EuQuant’s CEO, Dr. Boston recently spoke at a leadership workshop that included senior political party members of six Southern African Nations. The May 2017 conference included members of incumbent and opposition parties, all of whom agreed on one point. Youth unemployment is one of Africa’s most important development challenges.
Dr. Boston spoke to the issue by presenting the findings of a year-long EuQuant study of youth unemployment in South Africa. He noted that Africa is home to six of the world’s ten fastest growing economies. The growth has not been inclusive. In particular, Africa’s youth have been left behind. In some countries, a generation of young people may grow up never experiencing formal employment. Unless things change, a majority of young people in some countries will live their entire life through income created in the informal sector which makes them live below the international poverty line of $1.25 a day.
Youth unemployment in Sub-Saharan Africa (SSA) is the number one development problem. It has become the primary pillar of human, social and economic underdevelopment and increasingly, the primary source of political instability.
The crisis will grow in intensity given demographic trends. Currently, Africa has about 300 million young people (i.e. persons ages 10 to 24). By 2050, the continent will account for 29% of the world’s population and the number of young persons will have doubled. The African Development Bank estimates 60% of SSA’s unemployed persons are between the ages of 15 and 24. In most countries, youth unemployment is twice the rate of adult unemployment and the disparity is even greater for young women.
The table below indicate how, youth unemployment has reached the crisis stage in countries such as Botswana, Mozambique, and South Africa.
YOUTH UNEMPLOYMENT IN SOUTH AFRICA
International Labor Organization 2016 estimates for selected countries
More alarmingly, the unemployment statistics understate the magnitude of the problem because the data does not reflect the low quality of jobs that are available to young workers. The jobs are in the informal sector; they demand a low level of skill and provide meager wages and almost no income security.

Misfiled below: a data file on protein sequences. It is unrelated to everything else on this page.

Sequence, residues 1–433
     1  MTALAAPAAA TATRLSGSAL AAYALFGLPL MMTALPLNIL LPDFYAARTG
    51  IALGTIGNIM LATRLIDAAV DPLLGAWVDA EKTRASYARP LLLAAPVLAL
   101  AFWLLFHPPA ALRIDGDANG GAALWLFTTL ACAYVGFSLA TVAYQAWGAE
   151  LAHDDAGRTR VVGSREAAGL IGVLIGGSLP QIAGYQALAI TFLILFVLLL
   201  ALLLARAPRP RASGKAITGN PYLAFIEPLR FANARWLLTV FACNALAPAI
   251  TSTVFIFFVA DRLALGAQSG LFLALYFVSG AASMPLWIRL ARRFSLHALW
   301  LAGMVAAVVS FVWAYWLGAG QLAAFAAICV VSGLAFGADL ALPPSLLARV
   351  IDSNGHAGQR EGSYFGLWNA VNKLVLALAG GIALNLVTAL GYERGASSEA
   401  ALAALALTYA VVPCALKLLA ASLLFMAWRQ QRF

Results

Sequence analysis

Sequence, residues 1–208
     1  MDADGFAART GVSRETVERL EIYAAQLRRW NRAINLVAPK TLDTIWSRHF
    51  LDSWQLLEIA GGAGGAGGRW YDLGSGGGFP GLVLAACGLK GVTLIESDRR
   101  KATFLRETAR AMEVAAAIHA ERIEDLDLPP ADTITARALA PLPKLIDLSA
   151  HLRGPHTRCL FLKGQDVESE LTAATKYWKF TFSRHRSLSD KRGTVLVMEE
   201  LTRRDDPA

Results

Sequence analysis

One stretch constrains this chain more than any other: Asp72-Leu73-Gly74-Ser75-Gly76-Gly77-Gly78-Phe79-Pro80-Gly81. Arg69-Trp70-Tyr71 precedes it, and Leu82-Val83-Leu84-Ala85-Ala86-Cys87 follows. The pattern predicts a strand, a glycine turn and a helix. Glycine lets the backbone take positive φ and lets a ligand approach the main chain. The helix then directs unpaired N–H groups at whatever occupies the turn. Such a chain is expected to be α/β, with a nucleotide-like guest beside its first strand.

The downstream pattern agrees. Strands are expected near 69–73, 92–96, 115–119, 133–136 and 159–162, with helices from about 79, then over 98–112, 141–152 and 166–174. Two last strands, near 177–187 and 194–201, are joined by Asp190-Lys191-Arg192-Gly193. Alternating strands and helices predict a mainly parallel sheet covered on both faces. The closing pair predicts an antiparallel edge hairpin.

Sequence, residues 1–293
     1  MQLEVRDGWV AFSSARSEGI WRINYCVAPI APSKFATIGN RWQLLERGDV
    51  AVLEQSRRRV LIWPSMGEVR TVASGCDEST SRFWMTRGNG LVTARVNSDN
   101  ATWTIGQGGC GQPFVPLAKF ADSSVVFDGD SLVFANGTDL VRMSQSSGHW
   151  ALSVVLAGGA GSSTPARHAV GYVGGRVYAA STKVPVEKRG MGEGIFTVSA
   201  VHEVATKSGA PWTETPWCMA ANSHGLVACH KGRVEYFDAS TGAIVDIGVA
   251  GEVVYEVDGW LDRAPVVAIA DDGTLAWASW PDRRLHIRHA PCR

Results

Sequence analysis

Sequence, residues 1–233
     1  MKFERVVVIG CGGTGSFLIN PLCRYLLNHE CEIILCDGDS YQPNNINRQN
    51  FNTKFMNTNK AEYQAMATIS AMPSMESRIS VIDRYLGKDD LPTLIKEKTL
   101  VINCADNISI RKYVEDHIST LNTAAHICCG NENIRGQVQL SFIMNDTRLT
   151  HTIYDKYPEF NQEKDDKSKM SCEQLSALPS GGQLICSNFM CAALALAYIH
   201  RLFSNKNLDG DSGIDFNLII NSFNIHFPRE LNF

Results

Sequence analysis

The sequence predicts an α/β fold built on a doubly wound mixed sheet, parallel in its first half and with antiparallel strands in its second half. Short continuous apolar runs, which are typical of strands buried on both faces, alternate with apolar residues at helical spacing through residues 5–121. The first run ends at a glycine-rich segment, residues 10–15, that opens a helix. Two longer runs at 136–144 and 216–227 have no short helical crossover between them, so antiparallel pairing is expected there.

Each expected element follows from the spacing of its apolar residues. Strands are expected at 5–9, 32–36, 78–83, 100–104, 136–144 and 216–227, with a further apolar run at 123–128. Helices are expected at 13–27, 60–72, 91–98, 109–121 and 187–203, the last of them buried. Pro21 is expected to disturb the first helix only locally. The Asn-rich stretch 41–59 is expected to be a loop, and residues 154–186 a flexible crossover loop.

Finding wage employment is difficult not only in Africa’s poorest countries but also in its most developed economies like South Africa and Nigeria, where urbanization is a particular problem.
In Northern Africa, frustrated youths contributed to the political downfall of several countries. In sub-Saharan Africa, the teeming numbers of unemployed young people are virtual reserve army for movements attempting to seize political power unlawfully.
In addressing the issue one thing is clear – economic growth is not enough. The problem requires regional coordination and intensive development focus. There are many causes of the problem. Some of which are as follows:
- Cyclical unemployment caused by recessions and slow growth.
- Structural unemployment caused by declines in mining and manufacturing industries and the relocation of jobs to the urban areas while a majority of the population still lives in the rural sector.
- Seasonal unemployment related to temporary changes in agricultural output and tourism.
- Institutional and cultural unemployment which causes gender discrimination and weak governance structures.
- Human capital deficiencies in education, skills, and training.
- Shocks to the system caused by climate changes, droughts, civil wars and political crises
These are just some of the causes of unemployment in general and youth unemployment in particular. They also help explain why the problem is so difficult to resolve. Nevertheless, the challenge must be the number one development priority.
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